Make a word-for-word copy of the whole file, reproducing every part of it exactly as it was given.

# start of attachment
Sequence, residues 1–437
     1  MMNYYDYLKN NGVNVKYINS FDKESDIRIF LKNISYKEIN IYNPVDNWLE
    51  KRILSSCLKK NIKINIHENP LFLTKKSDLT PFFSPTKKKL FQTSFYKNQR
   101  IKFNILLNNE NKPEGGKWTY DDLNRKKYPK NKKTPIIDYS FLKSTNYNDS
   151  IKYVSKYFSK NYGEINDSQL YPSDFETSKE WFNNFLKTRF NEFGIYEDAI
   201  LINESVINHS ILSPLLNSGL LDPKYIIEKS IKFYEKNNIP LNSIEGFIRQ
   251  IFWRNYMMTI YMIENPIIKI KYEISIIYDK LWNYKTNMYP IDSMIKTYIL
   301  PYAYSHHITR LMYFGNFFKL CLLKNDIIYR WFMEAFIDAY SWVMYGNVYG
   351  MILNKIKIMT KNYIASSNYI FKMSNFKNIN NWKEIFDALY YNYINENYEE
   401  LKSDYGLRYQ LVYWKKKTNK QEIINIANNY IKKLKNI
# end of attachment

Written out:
Sequence, residues 1–437
     1  MMNYYDYLKN NGVNVKYINS FDKESDIRIF LKNISYKEIN IYNPVDNWLE
    51  KRILSSCLKK NIKINIHENP LFLTKKSDLT PFFSPTKKKL FQTSFYKNQR
   101  IKFNILLNNE NKPEGGKWTY DDLNRKKYPK NKKTPIIDYS FLKSTNYNDS
   151  IKYVSKYFSK NYGEINDSQL YPSDFETSKE WFNNFLKTRF NEFGIYEDAI
   201  LINESVINHS ILSPLLNSGL LDPKYIIEKS IKFYEKNNIP LNSIEGFIRQ
   251  IFWRNYMMTI YMIENPIIKI KYEISIIYDK LWNYKTNMYP IDSMIKTYIL
   301  PYAYSHHITR LMYFGNFFKL CLLKNDIIYR WFMEAFIDAY SWVMYGNVYG
   351  MILNKIKIMT KNYIASSNYI FKMSNFKNIN NWKEIFDALY YNYINENYEE
   401  LKSDYGLRYQ LVYWKKKTNK QEIINIANNY IKKLKNI